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2009 rode roughshod over a lot of people. I had a miscarriage in January 2009 and with that baby, who waved at me in the ultrasound with ten fingers and ten toes and a face I could almost recognize, I buried a dream. Even so, I had imagined a seed was planted in that grave and that it would sprout from the earth, grow into a towering tree of love, and spread it's shade above us. Months later I was desperately drowning my sorrow in all the wrong waters. I found myself at the dead-end of a wonderful relationship that had lasted eight and a half years. Hundreds of people were left reeling from the aftermath of Ondoy and Pepeng. I didn't get the giant tree of love I wanted but in it's place a beautiful, lush, disorderly garden was thriving and teeming with untamed life, and death, and life. I only had to see it for what it was.

Also last year, my family mourned the death of a grand aunt whose love for all of us was greater than the sum of all parts of the clan, and whose parting words of advice were, "Enjoy life."

So I began 2010 by wishing my friends hundreds of little heavens and the gift of sight to see and know them in every small instance. Honing this gift of discernment is turning out to be harder than I expected. To get better at it I'm registering, as much as I can, all the little moments of recognition, when I know I am standing in a little bit of heaven on earth. Here is one such moment.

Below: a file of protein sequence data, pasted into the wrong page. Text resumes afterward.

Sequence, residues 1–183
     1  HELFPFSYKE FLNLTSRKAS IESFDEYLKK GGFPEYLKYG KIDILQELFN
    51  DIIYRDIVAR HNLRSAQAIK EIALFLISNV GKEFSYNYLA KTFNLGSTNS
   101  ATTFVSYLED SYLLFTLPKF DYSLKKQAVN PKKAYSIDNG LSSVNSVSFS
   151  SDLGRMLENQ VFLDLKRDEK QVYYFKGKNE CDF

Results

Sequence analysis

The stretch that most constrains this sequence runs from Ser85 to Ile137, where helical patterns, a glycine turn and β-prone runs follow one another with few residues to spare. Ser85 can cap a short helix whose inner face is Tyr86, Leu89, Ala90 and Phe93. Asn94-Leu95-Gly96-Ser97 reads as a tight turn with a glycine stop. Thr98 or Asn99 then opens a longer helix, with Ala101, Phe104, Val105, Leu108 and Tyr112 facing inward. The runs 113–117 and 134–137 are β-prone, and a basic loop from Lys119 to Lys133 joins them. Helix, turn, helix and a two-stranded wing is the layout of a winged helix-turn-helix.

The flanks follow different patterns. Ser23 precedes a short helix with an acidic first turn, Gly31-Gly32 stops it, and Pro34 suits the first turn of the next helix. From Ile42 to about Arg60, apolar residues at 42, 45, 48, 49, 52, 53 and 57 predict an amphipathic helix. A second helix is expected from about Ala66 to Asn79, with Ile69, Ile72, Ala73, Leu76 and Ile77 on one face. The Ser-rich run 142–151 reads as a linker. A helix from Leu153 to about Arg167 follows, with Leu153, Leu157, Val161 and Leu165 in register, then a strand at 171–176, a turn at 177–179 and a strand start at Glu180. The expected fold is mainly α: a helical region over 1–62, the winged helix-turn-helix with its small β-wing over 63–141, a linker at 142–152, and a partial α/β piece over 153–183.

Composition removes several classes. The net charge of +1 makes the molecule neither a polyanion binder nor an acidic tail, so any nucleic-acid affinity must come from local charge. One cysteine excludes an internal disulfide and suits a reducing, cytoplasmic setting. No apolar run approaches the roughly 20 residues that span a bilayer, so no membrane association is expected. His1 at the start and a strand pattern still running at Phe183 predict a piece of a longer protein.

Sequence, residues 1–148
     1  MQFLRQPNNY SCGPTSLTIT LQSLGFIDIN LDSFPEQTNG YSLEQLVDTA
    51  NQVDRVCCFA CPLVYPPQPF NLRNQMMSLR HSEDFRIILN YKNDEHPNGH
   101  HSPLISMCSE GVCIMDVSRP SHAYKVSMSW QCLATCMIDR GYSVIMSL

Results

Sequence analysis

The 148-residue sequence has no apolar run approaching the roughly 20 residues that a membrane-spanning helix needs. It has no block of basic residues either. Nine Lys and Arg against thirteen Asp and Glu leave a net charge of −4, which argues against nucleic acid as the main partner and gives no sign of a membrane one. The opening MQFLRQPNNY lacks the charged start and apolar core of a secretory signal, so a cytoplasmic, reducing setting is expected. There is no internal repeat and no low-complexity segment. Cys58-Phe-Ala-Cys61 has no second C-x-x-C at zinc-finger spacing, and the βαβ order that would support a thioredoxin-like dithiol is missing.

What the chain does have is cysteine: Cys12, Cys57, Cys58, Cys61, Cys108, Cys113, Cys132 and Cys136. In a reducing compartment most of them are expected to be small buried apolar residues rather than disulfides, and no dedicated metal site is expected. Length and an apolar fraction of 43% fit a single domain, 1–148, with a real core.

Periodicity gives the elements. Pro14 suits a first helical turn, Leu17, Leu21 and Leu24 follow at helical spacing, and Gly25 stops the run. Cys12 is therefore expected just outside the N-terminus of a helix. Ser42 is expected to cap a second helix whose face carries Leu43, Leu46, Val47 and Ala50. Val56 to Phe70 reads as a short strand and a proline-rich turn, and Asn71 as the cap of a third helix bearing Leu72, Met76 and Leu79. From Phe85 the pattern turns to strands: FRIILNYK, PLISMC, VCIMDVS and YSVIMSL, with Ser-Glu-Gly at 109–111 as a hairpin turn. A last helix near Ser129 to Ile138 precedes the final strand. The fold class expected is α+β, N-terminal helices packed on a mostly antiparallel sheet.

The other day one of my sukis in the market gave -- yes, GAVE! -- me these two delicious pieces of tinapa. She sells chicken but early last year she diversified and she and her husband began making their own tinapa. When I said I wanted to buy only one piece she put two in the bag and said she was just giving them both to me. She thrust the fish into my basket and waved me away as I protested. I thanked her profusely and walked through the rest of my market route with a big smile plastered on my face. She's one of the reasons I still love our good old market more than I could ever care for the new, antiseptic supermarket chains sprouting all over Baguio.

It's amazing how such a simple gift and brief exchange can outweigh a whole year's misery -- that is, if one has learned how to let go of misery. I'm still learning.


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